America's 'femme fatale' trial: did she lure rich men for ransom?
She is alluring, but the story being told about her now in a San Diego courtroom is not. When the trial of Nancy Mendoza Moreno, 24, is over it will be for the jury to decide. Is she the woman who honey-trapped wealthy businessmen so they could be kidnapped for ransom or was it someone else?
The defence's case is that the authorities simply have the wrong woman. Ms Mendoza was arrested in Tijuana, Mexico, in 2010, extradited to the US and charged with kidnapping and conspiracy.
She has pleaded not guilty. But prosecutors insist she is the femme fatale who ensnared victims for a drugs gang known as Los Palillos, or "toothpicks", that stalked San Diego until it was broken up in 2007.
"She was used as a lure successfully, repeatedly," Deputy District Attorney James Fontaine said at the start of a trial that is expected to last about another week. One alleged victim who has been among a parade of prosecution witnesses on the stand is Eduardo Gonzalez Tostado, 31, a local businessman who has car-racing trophies, his own dealerships in the city and a restaurant.
The details of what happened to Mr Gonzalez are not in dispute. It's a predictable he-should-have-known-better story, until the moment it isn't. Pretty girl chats him up in a Starbucks; girl gives him phone number and invites him to a home; man succumbs, turns up with flowers, alcohol and condoms. Then the surprise: men in ski-masks pounce, shackle him and stuff him into a tiny room under the stairs where he remains for eight days until his family delivers a case containing $193,000 (£124,600) in ransom cash.
Mr Gonzalez was lucky, on balance. He had feared being kidnapped for some time and had told his wife to contact the FBI should the worst happen. Agents slipped a tiny transponder into the ransom case and tracked it to the home where Mr Gonzalez was being held. It was the beginning of the end for the toothpick gang. Four of its leaders are now behind bars in the US, others are believed to be in Mexico.
While Mr Gonzalez has taken star billing in the prosecution case, other men dropped their guard with the defendant in the hope of dropping garments. Victims were singled out not just for ransom but as part of a war between the toothpick gang and the Arellano Félix drugs cartel in Tijuana from which it had broken away. Ms Mendoza was paid up to $15,000 per victim, the government says.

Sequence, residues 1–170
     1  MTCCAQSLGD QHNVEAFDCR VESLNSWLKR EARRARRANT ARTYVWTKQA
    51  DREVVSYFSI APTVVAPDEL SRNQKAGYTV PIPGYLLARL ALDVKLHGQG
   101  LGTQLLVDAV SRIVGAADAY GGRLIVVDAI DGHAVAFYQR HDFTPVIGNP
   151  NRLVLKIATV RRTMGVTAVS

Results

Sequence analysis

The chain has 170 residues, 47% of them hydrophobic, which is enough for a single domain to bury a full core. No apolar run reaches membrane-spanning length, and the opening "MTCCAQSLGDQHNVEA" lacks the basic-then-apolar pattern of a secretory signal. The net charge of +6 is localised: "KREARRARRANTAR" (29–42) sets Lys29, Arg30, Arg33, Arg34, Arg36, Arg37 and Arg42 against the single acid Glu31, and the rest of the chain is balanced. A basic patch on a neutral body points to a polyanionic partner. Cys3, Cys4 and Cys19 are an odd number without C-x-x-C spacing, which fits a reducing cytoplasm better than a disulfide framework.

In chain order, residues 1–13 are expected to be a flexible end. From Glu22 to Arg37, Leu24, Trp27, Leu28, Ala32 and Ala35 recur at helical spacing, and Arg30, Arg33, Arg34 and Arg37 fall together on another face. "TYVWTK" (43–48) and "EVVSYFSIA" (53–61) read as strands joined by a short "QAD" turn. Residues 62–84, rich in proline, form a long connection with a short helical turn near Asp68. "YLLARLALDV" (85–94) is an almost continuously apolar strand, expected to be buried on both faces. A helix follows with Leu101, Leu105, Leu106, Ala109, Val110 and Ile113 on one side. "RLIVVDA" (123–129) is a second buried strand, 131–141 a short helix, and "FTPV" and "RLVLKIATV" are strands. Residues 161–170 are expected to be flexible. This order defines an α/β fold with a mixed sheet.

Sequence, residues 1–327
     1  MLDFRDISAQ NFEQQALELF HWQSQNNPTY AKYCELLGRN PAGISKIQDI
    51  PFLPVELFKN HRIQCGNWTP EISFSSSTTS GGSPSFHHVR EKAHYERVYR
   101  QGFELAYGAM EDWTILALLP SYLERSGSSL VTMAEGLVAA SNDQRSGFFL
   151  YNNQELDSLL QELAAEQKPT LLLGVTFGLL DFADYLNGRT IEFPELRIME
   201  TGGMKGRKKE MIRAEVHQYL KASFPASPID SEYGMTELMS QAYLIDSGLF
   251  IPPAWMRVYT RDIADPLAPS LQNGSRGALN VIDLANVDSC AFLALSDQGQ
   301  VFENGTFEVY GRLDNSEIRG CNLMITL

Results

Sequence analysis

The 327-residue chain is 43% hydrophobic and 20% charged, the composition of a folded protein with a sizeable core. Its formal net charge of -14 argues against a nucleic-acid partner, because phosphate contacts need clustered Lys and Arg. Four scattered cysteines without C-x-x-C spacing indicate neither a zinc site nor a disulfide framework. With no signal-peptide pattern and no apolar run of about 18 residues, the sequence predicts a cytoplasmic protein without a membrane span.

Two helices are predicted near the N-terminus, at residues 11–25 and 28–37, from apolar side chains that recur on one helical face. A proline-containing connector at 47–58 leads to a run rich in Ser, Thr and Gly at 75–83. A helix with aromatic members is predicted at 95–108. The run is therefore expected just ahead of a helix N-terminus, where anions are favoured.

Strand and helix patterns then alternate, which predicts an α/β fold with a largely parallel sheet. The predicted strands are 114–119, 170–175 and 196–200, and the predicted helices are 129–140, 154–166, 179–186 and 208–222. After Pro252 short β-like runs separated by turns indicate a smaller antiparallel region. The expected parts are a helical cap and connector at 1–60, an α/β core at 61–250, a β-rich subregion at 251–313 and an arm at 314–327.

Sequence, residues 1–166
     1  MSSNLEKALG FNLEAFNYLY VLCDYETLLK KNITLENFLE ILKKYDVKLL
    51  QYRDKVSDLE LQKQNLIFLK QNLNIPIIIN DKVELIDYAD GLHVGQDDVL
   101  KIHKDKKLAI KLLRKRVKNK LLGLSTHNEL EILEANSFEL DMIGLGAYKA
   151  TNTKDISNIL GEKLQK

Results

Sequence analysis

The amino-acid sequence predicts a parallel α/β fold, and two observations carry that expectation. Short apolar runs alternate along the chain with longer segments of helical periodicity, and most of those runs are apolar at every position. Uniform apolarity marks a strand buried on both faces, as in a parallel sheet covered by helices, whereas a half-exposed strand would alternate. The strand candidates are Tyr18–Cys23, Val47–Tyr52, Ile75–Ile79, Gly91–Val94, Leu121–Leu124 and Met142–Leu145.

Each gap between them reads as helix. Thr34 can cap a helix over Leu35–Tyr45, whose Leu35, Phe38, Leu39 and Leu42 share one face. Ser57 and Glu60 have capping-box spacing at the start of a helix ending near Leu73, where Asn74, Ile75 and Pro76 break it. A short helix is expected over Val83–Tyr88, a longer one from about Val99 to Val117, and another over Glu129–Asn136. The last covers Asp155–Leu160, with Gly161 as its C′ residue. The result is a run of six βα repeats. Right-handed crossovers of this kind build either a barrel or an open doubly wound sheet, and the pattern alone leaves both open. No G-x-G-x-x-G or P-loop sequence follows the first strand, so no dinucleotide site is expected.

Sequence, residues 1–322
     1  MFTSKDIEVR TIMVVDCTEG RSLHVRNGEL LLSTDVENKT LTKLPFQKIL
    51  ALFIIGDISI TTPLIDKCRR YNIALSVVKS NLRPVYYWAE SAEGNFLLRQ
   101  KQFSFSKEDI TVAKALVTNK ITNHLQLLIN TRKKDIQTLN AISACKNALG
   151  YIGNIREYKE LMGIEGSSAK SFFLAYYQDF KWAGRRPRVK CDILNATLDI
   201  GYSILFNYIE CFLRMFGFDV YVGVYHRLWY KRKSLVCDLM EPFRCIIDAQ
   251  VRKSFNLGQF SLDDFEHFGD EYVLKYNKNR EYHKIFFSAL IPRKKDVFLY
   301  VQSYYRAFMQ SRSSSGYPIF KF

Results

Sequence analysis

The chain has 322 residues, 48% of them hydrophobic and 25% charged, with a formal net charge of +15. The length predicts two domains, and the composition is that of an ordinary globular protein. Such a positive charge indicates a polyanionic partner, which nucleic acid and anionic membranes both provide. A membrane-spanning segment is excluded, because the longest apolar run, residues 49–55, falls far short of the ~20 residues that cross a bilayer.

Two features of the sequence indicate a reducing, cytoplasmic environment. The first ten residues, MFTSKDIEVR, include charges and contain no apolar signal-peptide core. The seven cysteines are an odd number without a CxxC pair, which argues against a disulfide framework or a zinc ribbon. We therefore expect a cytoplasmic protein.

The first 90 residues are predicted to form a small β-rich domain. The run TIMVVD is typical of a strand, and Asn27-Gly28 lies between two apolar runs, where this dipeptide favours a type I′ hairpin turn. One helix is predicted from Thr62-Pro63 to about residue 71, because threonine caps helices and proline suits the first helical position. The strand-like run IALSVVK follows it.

Also among her victims, according to prosecutors, was Jorge Garcia Vasquez, a brother-in-law of a leading cartel financier Jesus "Chuy" Labra. They met in a local gym and the Mendoza spell was quickly cast.
"The defendant ... befriended Mr Garcia Vasquez, then began to reel in her prey," prosecutors wrote in documents submitted to the court seen by The Los Angeles Times.
Prosecutors allege that Mr Vasquez was snatched some weeks after Ms Mendoza landed a man who was her first victim – the 25-year-old son of Jose Manuel Nunez, an infamous trafficker better known in the drugs underworld as "Balas" or bullets. The son, Eric (Little Bullets), and Mr Vasquez were eventually freed, but the gang was later accused of murdering nine other victims and dissolving their bodies in barrels of lye.
Threat of 'catastrophic cascade of collisions' must be averted, warn scientists
Oxford is the least affordable city in the UK, where houses cost 11 times local salaries
Swarm of killer bees sting woman 1,000 times
Malaysia Airlines Flight MH370: Oil slicks in South China Sea ‘not from missing jet’, officials say
Steve Irwin’s final words: Cameraman present at death opens up about deadly stingray attack for the first time
Oscar Pistorius trial: Athlete repeatedly vomits as court hears 'graphic details' of Reeva Steenkamp's autopsy
Britain's top vet sparks controversy with call for ban on slashing animals' throats in 'ritual' slaughters for halal and kosher meat products
Poor 'live like animals' says Boris's privately educated sister after going on 'poverty safari'
Exclusive: Impact of immigrants on British workers ‘negligible’
Vince Cable: Teachers 'know absolutely nothing' about the world of work
Ukraine crisis: Russia pledges to 'retaliate against sanctions' as Ukrainian president says Crimea vote will not be recognised
The quiet diplomat: Catherine Ashton - recognised and admired in all the world’s troubled countries, yet ridiculed at home
- 1 Oxford is the least affordable city in the UK, where houses cost 11 times local salaries
- 2 Australian man Rod Sommerville reacts to bite from deadly snake by reaching for cold beer
- 3 North Korea elections: Kim Jong-un wins 100% of the vote
- 4 David Cameron resorts to paying for Facebook fans because not enough people like him
- 5 Steve Irwin’s final words: Cameraman present at death opens up about deadly stingray attack for the first time
£12000 per annum: Inspiring Interns: Our client is a leading digital agency bu...
£40000 - £45000 per annum: Charter Selection: Global leader in its respective ...
£130 - £161 per day: Randstad Education Nottingham: Do you have a qualificatio...
£6720 - £33600 per annum: Randstad Education Nottingham: The school is much la...